2016 LHSAA State Wrestling Championships seeding analysis
February 10th, 2016| Written by: Editor



Seeding always upsets some people.  Most of the time it is because people do not know what the seeding criteria used by the seeding committee are.  As stated in the LHSAA State Wrestling Championships bulleting, seeding criteria, once a wrestler has become eligible for seeding, are as follows:

  1. Head-to-head records;
  2. Record against common opponents;
  3. Place finishes in common tournaments wrestled in the current competitive year;
  4. Place finish in the Louisiana State Wrestling Tournament from the previous competition year;
  5. Overall win percentage against the Division (excluding forfeits);
  6. Overall general win percentage (excluding forfeits).

The following determination in the Division I 152 lbs. scenario is simply an example of what the seeding committee considers.

Division I 152 lbs. - Joey Foret (Holy Cross) over Clint Brownell (St. Amant):  This is not surprising but I thought I'd show the reader what the seeding committee might have had to consider:

LHSAA Seeding Criteria Applied Criteria Foret Brownell Advantage
How the wrestlers fared against each other Head-to-Head vs. Brownell 1-1 1-1 Wash
How the wrestlers fared against opponents each have wrestled Overall vs. Common 8-0 = 100% 7-0 = 100% Wash
How did the wrestlers place in tournaments in which they were both entered Common Tournament (Spartan) Place* 2 1 Wash
(Tournaments are not weighted against one another) Common Tournament (LACL Place)* 1 2 Wash
Place finish in the Louisiana State Wrestling Tournament
from the previous competition year
2015 State Results 2 4 Foret
How the wrestlers fared against opponents in their Division vs. D1 92.31 95.24 Brownell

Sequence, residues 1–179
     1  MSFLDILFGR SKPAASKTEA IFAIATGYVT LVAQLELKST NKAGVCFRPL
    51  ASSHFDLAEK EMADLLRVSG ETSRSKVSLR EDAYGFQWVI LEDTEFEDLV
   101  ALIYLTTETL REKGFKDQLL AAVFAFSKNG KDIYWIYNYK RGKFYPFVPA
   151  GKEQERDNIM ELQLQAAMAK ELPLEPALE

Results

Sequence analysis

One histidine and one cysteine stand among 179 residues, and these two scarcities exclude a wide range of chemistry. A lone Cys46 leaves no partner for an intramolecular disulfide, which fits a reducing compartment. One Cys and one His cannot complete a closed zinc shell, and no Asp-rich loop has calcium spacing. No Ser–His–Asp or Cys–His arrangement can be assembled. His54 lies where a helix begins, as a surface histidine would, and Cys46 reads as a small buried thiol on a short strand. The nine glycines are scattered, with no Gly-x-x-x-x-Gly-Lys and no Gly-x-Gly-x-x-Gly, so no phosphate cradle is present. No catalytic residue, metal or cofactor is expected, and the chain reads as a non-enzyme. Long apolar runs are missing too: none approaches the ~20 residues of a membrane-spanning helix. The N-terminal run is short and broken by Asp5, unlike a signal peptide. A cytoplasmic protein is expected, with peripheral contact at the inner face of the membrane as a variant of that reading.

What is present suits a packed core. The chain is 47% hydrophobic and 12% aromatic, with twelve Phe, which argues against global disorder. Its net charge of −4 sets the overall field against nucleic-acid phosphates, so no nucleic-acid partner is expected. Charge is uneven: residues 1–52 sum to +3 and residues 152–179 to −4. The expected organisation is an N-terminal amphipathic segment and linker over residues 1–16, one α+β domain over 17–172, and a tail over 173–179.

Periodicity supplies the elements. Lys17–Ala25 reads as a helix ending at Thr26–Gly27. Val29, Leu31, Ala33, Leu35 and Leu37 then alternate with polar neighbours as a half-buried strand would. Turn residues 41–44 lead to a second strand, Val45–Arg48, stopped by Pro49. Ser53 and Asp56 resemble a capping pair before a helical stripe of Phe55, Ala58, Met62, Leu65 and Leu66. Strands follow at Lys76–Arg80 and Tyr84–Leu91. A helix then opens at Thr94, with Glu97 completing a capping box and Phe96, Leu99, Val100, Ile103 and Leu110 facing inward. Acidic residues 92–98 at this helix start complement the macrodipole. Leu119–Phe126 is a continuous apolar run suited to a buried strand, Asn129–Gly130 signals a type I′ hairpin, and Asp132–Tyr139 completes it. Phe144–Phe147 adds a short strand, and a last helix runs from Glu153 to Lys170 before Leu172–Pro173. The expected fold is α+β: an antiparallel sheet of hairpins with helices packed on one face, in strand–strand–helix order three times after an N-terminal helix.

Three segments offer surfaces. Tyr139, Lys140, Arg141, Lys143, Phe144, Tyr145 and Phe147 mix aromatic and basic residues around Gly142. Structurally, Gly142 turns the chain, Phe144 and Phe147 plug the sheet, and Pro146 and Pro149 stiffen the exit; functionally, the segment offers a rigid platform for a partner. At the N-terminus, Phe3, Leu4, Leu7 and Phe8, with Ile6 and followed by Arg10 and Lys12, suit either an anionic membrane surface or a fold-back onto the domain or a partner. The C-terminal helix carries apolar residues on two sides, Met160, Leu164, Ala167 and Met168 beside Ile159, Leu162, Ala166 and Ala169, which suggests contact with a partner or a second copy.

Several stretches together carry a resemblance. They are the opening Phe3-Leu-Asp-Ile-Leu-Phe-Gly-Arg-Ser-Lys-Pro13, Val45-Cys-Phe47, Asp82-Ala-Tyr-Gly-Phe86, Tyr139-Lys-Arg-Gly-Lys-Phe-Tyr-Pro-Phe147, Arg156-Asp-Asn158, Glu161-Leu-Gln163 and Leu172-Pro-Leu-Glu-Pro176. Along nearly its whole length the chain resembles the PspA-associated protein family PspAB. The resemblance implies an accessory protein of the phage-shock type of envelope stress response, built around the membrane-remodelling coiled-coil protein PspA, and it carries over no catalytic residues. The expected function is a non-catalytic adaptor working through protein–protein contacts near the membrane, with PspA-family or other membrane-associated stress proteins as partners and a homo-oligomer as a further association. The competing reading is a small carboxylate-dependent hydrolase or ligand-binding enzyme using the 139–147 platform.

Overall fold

How the wrestlers fared against all opponents vs. All 93.02 95.35 Brownell

The previous year's place at the state tournament criterion may seem like an "easy out," but as the editor spent over an hour using two computers for the one match-up above, consider doing it for nine seeds per weight class in Division I or eight per weight class in Divisions II and III.  But do not stop there.  Multiply that time by 14 weight classes, and then multiply that by three divisions.  In the very rare instances in which seeding methods do not produce clear-cut placements, the seeding committee votes.  Please consider these issues before chastising the seeding committee (and not only because it is a waste of time at this point to do so).  The committee has a monstrous task and performs it extremely well.  Would anyone like to wait until Friday after weigh-ins to learn the seeds?

Questions will no doubt still remain as to why certain wrestlers are seeded in certain places.  In the pages linked below the editor will offer his best opinion on a few situations in which the raison d'etre of certain seeds may not be clear.  Please know this is strictly the editor's opinion on how the seeding committee arrived at their decisions and, as such, may be incredibly wrong:

Division I Division II Division III

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